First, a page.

in times of Covid-19 | June 4th, 2020 | Lea Doobe
In the first few days of the pandemic I found it hard to concentrate on anything other than the number of cases and the various restrictions. Even the struggle for free seeds fell temporarily into the shadows of all the daily reports and general upheaval. Now I realise how wrong I was since many of the reports were simply pointing out the weaknesses in our society. The way in which we nourish ourselves is one of the hurdles we need to overcome. Here are five reasons why we need seeds to become common property now more than ever.
[The term commons is unfamiliar? Here is a video to fill you in.]
1. Seed commons put an emphasis on self-sufficiency rather than dependency.
The global food system is in many respects dangerously instable. When export is banned in one country, it can lead to food shortages in another. When schools shut, many children don’t get their lunch and those who aren’t allowed to go to work quickly end up knocking at hunger’s door. 
The food sector is predominantly made up of a few large businesses on which we are considerably dependant.  The market concentration of seeds is particularly high with more than 60% of commercial seeds being controlled by just three corporations. 
At the beginning of the pandemic some were given a fright by the almost empty supermarket shelves standing before us. For the first time many of us became aware that shelves don’t fill themselves. We suddenly realised the extent of our dependency and it makes us wonder about alternatives.
Open-source seed is one such alternative in that it is creating a seed commons, in which seeds are freely available for all. This allows for diverse and decentralised plant breeding on which a fair, ecological and regional nutritional system can be based.
2. Seed commons encourage regionalisation.
In the German media there have been many reports about the lack of seasonal workers who were not allowed to enter the country due to the travel ban. But even with the help of these workers Germany is far from being able to provide for itself . Whilst around 2/3 of Germany’s vegetables and 3/4 of its fruit are imported, the country has a surplus of animal products whose feed requires a great deal of land use. 
In Germany and in many other places as well, we could benefit from more regional produce in many ways. Of course, regional value chains are less vulnarable to a lockdown , but beyond that they are just as beneficial for the environment as they are for the regional economy.
However, the areas of breeding and seed production are still frequently excluded from supply chains. We therefore call for this to be changed and for the issue of seeds to be taken into account here. In order to facilitate biodiversity and regional adaptation, plants should be bred near to where they are cultivated, and their breeding shouldn’t be restricted. 
3. Seed commons strengthen communities.
Covid-19 has shone a light on the precarious situations of those working in agriculture and the food industry. These people have to continue their work to supply us with provisions despite the fact that hygiene measures, such as social distancing, are in many cases hard to provide. Not only are workers put at risk, but their crucial contribution to the food industry is poorly remunerated.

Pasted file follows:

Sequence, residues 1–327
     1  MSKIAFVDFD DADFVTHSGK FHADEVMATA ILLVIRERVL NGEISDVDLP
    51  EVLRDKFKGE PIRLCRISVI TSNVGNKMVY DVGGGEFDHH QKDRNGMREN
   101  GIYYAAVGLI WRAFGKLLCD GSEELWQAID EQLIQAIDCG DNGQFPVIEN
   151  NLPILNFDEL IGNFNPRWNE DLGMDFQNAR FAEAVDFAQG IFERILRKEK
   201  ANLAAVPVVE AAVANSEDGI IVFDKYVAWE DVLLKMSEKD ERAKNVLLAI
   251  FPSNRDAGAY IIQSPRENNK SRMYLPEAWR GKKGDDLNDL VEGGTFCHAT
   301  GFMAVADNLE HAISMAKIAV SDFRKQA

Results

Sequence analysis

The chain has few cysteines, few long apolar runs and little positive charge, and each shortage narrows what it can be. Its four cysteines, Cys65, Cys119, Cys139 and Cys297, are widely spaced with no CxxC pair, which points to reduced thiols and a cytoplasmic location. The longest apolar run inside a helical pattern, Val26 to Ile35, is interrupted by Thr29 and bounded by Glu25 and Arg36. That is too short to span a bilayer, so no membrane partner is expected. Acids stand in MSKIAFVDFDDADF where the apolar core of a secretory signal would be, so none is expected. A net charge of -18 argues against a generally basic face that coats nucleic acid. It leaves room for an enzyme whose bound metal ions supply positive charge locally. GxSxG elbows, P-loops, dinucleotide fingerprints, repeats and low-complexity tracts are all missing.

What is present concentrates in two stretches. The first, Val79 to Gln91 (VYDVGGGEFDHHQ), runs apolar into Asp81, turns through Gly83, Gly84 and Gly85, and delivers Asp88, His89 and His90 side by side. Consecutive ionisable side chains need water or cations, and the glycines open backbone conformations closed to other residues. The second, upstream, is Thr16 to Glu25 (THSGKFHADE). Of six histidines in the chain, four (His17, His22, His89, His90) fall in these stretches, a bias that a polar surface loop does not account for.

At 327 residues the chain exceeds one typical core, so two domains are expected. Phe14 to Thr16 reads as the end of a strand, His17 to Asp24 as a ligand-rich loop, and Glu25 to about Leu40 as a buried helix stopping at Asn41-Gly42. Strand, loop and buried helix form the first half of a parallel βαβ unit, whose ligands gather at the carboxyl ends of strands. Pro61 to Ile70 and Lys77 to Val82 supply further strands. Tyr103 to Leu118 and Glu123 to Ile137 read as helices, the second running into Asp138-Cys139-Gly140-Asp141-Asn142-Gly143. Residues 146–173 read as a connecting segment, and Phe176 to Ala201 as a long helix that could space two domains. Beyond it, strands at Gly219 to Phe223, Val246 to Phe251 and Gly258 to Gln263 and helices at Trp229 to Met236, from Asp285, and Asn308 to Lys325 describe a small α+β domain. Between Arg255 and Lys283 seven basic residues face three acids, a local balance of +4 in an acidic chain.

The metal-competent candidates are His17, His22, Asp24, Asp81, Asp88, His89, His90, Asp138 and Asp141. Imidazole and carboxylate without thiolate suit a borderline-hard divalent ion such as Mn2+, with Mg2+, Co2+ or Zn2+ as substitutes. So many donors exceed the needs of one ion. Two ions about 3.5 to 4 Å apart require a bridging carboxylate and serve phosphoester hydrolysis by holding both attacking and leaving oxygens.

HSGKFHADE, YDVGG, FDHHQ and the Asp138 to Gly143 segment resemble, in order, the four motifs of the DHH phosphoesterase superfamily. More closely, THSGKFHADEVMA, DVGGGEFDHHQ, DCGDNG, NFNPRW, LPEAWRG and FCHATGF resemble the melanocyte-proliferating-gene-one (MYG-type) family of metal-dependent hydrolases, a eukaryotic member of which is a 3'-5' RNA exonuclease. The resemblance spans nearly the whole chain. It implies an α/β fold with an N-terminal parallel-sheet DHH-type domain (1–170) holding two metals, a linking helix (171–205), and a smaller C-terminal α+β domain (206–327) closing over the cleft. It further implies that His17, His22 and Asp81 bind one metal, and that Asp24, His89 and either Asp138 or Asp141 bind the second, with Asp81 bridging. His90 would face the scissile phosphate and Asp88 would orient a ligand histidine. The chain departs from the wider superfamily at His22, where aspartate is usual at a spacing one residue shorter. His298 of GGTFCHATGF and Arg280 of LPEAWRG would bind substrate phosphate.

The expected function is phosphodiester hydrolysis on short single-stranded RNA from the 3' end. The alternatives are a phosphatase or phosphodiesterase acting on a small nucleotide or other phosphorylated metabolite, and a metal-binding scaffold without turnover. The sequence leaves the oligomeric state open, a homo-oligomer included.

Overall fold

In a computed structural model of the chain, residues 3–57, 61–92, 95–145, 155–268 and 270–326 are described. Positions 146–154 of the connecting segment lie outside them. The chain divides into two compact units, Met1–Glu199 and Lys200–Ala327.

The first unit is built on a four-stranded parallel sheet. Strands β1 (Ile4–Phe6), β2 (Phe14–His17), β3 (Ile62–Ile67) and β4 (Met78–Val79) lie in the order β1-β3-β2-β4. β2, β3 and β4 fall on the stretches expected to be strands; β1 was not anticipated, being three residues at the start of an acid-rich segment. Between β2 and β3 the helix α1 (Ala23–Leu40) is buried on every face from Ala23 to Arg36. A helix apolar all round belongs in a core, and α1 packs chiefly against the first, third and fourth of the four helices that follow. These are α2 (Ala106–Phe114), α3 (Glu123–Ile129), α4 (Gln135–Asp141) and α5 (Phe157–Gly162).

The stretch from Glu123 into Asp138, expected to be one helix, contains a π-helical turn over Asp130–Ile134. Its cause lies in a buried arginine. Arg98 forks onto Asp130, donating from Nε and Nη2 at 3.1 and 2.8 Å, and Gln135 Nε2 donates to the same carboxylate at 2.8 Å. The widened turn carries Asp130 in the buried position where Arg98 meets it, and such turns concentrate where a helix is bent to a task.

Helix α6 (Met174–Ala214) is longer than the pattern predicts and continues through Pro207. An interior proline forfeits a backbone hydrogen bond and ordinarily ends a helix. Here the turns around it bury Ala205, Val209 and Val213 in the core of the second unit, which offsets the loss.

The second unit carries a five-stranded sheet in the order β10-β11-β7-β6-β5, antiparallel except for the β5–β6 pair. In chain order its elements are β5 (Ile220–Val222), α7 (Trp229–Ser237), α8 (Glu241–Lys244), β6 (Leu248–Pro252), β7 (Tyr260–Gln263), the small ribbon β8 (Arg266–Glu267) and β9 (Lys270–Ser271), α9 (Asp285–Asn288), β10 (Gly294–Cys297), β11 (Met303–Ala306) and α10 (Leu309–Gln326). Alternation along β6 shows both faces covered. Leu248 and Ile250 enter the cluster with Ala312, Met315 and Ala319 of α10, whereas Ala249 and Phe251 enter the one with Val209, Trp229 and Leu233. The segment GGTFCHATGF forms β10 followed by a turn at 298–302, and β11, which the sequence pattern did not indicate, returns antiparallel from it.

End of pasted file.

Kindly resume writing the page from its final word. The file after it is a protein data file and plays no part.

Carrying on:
This is where the social aspect behind the open-source concept comes into play. Open-source refers to the idea of common goods. Public property (“a commons”) is orientated around a society's demands and represents cooperation on an equal footing. Something, that has mostly been rationalized away in the essential professions revolving around health and nutrition.
4. Seed commons promote healthy agriculture.
Current research demonstrates that there is a close correlation between the emergence of new viruses and industrial agriculture. As well as amplifying the loss of natural habitats, industrial agriculture and the destruction of such habitats increase the frequency of interactions between humans and wild animals. This leads to infections becoming more likely to be contracted. Another area which poses a risk is intensive animal husbandry in which humans and animals come into frequent contact with one another. In healthy systems, however, natural regulatory mechanisms exist. They keep pathogens at bay and reduce the chances of contracting and transmitting viruses. 
This means that by making our agriculture more ecological and by using our land as sustainable as possible, we will be able to prevent viruses spreading. This requires diverse plant breeding that can offer suitable varieties in various locations.
5. Seed commons are part of the change we need right now.
A crisis such as the Covid-19 pandemic can indeed knock the wind out of us and our industries. However, in most cases, we actually underestimate our own resilience. After we get over the initial shock and gravity of the situation, unprecedented waves of energy can be released.
Some may still ask for industrial approaches to solve the problem, despite them being responsible for poverty, food insecurity, climate change and massive disruptions in our ecosystems. But we’re also witnessing increasing demonstrations of public solidarity and activism towards those who are affected the most.
A number of governments acted quickly to protect workers and to ensure food provisions. A whole range of measures were put into place which had, at the very least, the inkling of what a new and resistant nutritional system could look like. For example, the Canadian province of British Columbia classified the work in communal gardens and at farmers’ markets as being system relevant. 
The knowledge we’ve gained from this crisis will continue to give momentum to the concept of seeds as a common good. This is particularly important because, even when Corona is finally over: climate change is not.